Cheptegei joins all-time greats after winning third world 10,000m title in Budapest 2023

August 23, 2023
Sports, Tourism

As in Oregon last year, and as in Doha in 2019, there was no stopping Joshua Cheptegei when it came to the crunch in a World Championships 10,000m final.

The fastest man in history over 5000m and 10,000m might have been outfought by Selemon Barega on the final lap of the Olympic final in Tokyo two years ago, but when the bell sounded in Budapest Uganda’s golden boy found his Midas touch to land the decisive blow in a gripping East African slugfest.

Cheptegei had already made what proved to be the decisive move by then, overtaking the Ethiopian wind-up merchant Berihu Aregawi with 600 metres to go.

Aregawi, who finished one place ahead of him as the silver medallist at the World Athletics Cross Country Championships in Bathurst in February, had upped the pace with a succession of 64-second laps from six laps out but was burned off when Cheptegei launched his pre-emptive strike.

In Oregon he struck at the bell and stayed there, resisting a challenge from Barega, who ultimately faded to fifth. This time the Olympic champion was his prime chaser again, closing down the back straight and cutting the gap to a metre with 200 metres left.

Gritting his teeth as he rounded the final turn, the Ethiopian prepared to launch a grandstand finish but Cheptegei pulled clear up the home straight, crossing the line a clear winner in 27:51.42.

Such was Barega’s sense of deflation, the wind evacuated his sails. Easing down as the line approached, he was pipped for second place by Daniel Ebenyo, the Kenyan claiming a silver to match his Commonwealth runners-up prize of last year in 27:52.60.

Barega took bronze in 27:52.72, followed home by compatriot Aregawi, fourth in 27:55.71, and Kenyan Benard Kibet, fifth in 27:56.27. Canada’s Mo Ahmed came next in 27:56.43, a lifetime best.

For Cheptegei, who closed with a 53.46-second final lap – near identical to his Eugene split of 53.42 – it was as momentous as any of his growing number of victories. At the age of 26, he entered the record books as the fourth man to claim a hat-trick of world 10,000m titles, following in the spikemarks of the Ethiopian greats Haile Gebrselassie and Kenenisa Bekele, who both won four, and Britain’s supreme championship performer, Mo Farah.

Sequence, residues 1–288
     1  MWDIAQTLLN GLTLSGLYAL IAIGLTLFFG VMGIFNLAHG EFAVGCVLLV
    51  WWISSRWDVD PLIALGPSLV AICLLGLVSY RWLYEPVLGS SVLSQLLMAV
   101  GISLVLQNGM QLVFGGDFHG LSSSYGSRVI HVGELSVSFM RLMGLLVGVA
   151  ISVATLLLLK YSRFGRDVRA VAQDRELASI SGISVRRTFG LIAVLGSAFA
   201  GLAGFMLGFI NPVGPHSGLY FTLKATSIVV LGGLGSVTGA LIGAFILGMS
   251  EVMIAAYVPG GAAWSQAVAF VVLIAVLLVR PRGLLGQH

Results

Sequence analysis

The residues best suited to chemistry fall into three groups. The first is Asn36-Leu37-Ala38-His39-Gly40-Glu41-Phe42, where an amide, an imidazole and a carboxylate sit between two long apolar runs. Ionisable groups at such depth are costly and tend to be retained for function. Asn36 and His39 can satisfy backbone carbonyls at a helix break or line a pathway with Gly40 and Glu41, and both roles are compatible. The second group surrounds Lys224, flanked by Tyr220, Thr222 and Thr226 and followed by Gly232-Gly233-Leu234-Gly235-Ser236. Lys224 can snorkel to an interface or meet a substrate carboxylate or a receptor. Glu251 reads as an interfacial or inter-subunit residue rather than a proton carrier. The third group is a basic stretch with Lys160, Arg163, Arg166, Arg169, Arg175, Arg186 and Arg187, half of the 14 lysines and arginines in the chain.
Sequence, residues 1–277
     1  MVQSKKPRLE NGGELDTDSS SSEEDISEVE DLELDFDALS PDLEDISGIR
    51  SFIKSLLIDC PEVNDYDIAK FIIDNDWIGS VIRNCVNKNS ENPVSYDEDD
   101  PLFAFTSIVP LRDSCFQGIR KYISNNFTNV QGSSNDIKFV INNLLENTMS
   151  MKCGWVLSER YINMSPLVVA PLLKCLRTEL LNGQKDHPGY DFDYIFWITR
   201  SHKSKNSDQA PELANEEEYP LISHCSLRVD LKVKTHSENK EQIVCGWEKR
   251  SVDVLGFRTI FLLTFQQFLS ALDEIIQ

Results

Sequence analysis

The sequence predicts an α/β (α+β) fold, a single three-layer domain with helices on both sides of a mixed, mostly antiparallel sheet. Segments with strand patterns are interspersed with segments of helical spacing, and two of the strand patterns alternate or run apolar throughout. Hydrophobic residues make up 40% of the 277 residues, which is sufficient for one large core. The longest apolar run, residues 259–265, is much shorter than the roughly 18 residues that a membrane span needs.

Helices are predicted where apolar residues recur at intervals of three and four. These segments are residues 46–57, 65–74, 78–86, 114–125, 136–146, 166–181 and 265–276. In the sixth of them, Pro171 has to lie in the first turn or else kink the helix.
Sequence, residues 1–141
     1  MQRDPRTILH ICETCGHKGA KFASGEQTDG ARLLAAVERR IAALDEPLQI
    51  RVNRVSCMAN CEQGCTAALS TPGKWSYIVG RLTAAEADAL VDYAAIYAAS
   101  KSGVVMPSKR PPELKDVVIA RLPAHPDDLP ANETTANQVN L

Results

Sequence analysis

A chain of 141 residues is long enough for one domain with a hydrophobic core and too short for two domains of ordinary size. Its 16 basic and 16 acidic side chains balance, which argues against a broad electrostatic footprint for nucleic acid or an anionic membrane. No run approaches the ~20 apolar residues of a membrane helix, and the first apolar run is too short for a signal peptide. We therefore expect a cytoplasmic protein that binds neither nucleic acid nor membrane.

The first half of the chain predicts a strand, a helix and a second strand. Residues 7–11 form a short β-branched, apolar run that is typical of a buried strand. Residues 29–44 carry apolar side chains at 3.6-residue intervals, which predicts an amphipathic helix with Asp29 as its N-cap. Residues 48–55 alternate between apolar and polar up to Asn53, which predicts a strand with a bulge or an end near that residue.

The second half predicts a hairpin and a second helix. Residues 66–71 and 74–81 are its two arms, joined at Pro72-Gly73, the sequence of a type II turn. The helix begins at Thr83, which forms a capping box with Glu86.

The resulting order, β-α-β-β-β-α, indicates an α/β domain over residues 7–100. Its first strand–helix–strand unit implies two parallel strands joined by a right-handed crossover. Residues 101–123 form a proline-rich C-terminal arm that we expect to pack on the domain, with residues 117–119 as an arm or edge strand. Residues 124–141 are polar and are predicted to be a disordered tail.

“I am very excited and proud that I have succeed in winning my third world title in a row, “said Cheptegei, who has had to contend with injury since his Oregon victory. “This was the best possible way to end the season.

“This might be my last championships on the track. That’s why this gold medal means even more.”

With a marathon debut to come in December in Valencia, the city where he set his 10,000m world record three years ago, who knows what the future might hold for the man who has broken the traditional East African distance running stranglehold of the Ethiopians and Kenyans?

For the time being, he can content himself on a job well done in a curious race that was clearly dictated by clammy, humid conditions reminiscent of Osaka in 2007.

Cheptegei and the rest of the leading lights kept their powder dry as his Ugandan teammate Joel Ayeko set off on his lonesome in the phoney war of the opening 3km.

Passing 400m in 62.86 and 1km in 2:46.69, the 30-year-old was more than five seconds clear at one stage before Cheptegei steadily whittled it down, with Ebenyo and Kibet in his slipstream.

Kibet and Aregawi traded places at the front before 5km was reached in a pedestrian 14:21.75. The cat-and-mouse continued, Kibet also taking a turn in pole position.

All the while, Cheptegei kept his cool, literally and metaphorically. Having run out of gas at the end of the World Athletics Cross Country Championships on home ground in the humidity of Kampala back in 2017, he veered out to collect a sponge at a water station – then bided his time when Aregawi started injecting some meaningful pace.

In the end, it was his class that told. Once again. In three seasons, he has run just three 10,00m races. He has won Olympic silver and two more world golds.


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